Continued from Part One…
Peter Lewis’ problems at the time weren’t nearly as severe as those facing Spence, who famously came at band mates Miller and Stevenson with a fire axe. Mosley suffered a breakdown of sorts as well in 1969, abruptly quitting the band and enlisting in the Marines (he was diagnosed as a paranoid schizophrenic and discharged within months of joining).
Lewis – who has been asked about his band mates’ problems countless times, and who has had decades to consider the subject – has his own take on their challenges. “When you look at what happened to Skip or Bobby, part of what that is is, I think, is just the metaphysics of fame,” he suggests. “They get out there and they show people a certain character, however they’re dealing with their career, however seriously they take their music. And that can sort of get you in a feedback loop with the future. And then, [they can suffer] not knowing how to deal with that, trying to make it real.”
Lewis painted the cover art of his new album.
He says that Mosley “was always kind of emotionally disturbed, but I think Skip really thought he was the Messiah. But then, at some point, he started getting really into downers when we were in New York making the second record, and it just all caved in. He changed from Mr. Love into Mr. Hate in about a weekend.”
That kind of confusion calls out for a response, even if it’s not the right one. “How you deal with that – whether it’s with it with drugs or whatever – is very much a no-win situation,” Lewis says. “Because it’s just depending on some kind of chemical, controlling your body to make you feel this way or that.”
Speaking like a wise old survivor of the late ’60s music scene, Lewis adds his own prescription to the idea of drug use. “ Maybe use it more like a surfer,” he suggests. “Use it as a wave. Keep it at your back.”
For his part, during that turbulent period Lewis reached out to another record producer, hoping he could help rally the group and salvage the sessions. He contacted Terry Melcher, an old friend from his high school days in L.A. Lewis – the son of film star Loretta Young – attended school with the sons and daughters of other celebrities’ offspring. The son of Doris Day, Melcher was a few years older than Lewis. “He had a car, so he got all the chicks,” Lewis recalls with a chuckle. He says that for a time, Candice Bergen was Melcher’s high school girlfriend. “I was her boyfriend, too,” he says. “For a minute.”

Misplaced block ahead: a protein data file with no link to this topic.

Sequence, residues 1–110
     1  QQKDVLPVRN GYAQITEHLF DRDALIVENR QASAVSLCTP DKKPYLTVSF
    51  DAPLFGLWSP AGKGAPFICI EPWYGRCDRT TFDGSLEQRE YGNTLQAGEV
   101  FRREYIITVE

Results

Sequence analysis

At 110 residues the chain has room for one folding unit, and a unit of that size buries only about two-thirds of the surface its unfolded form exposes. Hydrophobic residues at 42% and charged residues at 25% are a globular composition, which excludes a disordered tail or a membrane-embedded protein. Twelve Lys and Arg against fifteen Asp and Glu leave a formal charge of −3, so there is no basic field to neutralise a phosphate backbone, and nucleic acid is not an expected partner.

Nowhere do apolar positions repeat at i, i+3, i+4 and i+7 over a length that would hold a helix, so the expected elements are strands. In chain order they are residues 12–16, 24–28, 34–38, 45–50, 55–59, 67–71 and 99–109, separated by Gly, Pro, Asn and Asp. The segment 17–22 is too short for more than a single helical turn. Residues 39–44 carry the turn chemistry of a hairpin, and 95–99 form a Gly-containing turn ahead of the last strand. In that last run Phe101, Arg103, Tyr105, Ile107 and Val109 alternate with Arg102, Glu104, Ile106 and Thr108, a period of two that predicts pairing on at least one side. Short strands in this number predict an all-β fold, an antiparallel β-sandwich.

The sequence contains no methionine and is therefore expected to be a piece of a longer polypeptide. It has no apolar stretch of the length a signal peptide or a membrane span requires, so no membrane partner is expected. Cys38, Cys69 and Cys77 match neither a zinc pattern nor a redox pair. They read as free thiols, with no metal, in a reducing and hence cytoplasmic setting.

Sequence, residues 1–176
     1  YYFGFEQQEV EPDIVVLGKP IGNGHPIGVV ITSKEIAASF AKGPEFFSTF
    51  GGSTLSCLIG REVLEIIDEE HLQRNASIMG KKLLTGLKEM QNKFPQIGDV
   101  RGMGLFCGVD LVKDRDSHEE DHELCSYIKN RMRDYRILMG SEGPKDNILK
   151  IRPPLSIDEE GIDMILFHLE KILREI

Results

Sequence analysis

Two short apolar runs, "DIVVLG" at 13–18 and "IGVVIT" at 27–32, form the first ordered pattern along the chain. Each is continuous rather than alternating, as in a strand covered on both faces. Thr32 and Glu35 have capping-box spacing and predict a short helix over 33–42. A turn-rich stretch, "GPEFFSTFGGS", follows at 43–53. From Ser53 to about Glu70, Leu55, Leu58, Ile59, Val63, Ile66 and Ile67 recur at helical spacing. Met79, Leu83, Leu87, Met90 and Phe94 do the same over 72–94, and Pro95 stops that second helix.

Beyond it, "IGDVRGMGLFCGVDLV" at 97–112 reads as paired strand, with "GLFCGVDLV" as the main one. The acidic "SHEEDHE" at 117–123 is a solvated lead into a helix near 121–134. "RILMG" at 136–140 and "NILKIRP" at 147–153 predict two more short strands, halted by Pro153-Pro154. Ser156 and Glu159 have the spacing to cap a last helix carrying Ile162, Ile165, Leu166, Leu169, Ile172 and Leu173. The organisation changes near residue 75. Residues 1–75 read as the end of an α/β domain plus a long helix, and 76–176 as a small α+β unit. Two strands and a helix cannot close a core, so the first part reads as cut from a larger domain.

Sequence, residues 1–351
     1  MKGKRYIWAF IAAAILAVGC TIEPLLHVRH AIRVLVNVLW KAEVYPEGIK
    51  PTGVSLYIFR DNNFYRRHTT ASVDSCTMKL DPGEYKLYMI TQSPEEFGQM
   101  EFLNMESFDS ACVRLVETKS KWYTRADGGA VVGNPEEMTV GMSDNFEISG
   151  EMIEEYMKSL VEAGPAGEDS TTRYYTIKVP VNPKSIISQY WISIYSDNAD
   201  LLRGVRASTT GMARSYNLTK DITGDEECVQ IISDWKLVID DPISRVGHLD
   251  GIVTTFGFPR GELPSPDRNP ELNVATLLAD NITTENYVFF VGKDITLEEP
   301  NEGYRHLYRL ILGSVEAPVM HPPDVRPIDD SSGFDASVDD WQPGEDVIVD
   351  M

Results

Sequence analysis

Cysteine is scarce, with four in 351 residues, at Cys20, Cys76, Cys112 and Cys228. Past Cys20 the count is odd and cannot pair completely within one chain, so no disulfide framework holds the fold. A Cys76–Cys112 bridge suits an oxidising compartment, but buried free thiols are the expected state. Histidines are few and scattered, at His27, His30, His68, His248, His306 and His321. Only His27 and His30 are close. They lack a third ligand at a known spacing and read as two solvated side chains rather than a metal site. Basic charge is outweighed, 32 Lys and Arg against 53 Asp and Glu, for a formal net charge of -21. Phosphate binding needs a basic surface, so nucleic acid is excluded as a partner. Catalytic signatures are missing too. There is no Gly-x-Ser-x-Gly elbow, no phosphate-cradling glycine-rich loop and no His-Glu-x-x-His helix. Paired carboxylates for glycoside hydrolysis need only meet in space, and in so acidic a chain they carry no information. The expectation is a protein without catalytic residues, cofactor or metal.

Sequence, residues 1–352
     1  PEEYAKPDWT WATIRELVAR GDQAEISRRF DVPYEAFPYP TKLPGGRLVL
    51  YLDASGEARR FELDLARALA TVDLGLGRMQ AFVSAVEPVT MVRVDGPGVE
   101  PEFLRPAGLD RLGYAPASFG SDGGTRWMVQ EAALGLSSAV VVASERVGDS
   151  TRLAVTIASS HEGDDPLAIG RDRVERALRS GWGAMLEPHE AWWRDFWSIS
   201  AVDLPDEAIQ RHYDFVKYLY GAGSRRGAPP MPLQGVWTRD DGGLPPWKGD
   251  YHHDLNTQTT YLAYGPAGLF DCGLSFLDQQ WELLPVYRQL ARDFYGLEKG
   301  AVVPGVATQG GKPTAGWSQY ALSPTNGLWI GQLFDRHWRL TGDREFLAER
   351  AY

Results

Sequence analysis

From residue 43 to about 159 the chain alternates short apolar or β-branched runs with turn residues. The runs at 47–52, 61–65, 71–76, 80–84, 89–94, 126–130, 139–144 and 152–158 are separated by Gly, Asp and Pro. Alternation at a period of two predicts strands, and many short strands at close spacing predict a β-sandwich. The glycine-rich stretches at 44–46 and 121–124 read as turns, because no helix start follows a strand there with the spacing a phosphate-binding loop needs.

Melcher – famed for his work with the Beach Boys, Paul Revere and the Raiders and the Byrds – was interested in producing Moby Grape, but changed his mind when news broke of Spence’s axe incident. “Well, look, the whole band would have to want to do it,” Melcher told Lewis. “And if you don’t have him anymore, that’s pretty much it.”
Lewis still holds thoughts of what might have been. “The trouble with the first album was that at Columbia, you couldn’t turn the faders up past 0 dB because the union had a rule [against] distortion,” he says. Terry Melcher had free rein at his studio “so you could go in there and turn it up as loud as you wanted,” Lewis says with admiration. “He knew how to get it right before it made the needle bounce out of the grooves of a record.”
And Melcher’s skills went beyond capturing loud sounds. “Terry was a sound guy. He knew how to get certain sounds, and also he could hear something that was out of tune. If one string player in an orchestra was off, he knew who it was.”
Lewis is more than willing to answer questions about Moby Grape, but he chooses his words carefully when the subject of the band’s early manager Matthew Katz comes up. “He’ll sue you for defamation of character if you try to tell the real story,” Lewis says. He will allow that Katz – whose actions have confounded the band at nearly every turn, from putting together a fake Moby Grape for live dates to scotching various reissues – has a mindset that differs from the peace-and-love values of the Haight Ashbury scene.
“It’s not like the rest of the ’60s,” Lewis says. “It has nothing to do with cooperating.” Lewis makes it clear that he’d rather not even think about Katz. “You don’t want to get consumed with bitterness or dedicate your life to getting even with this guy,” he says. But he can’t hold back expressing regret. “I was in this band that was my one shot, and he screwed that up. And there’s no way to ever forget about it.”
Peter Lewis is forthright about the hazards of the music business. “It’s a shark tank, and you’ve really got to know how to survive to get famous without having signed the rights to your soul away,” he says. But more than 52 years after ten of Moby Grape’s songs were released (as a- or b-sides of 45 r.p.m. singles), he’s showing himself to be a survivor. He mentions the final track on his new record, “The Gypsy.” “It talks about this place of no returning, where you have this sense that you’re free, finally, from whatever it is that plagues the soul,” Lewis says.
“And all of that is in The Road to Zion,” he says. “Zion is that circle, the end of all paths, where all roads lead into this place where you can feel like, ‘Well, at least I’ve got this.’”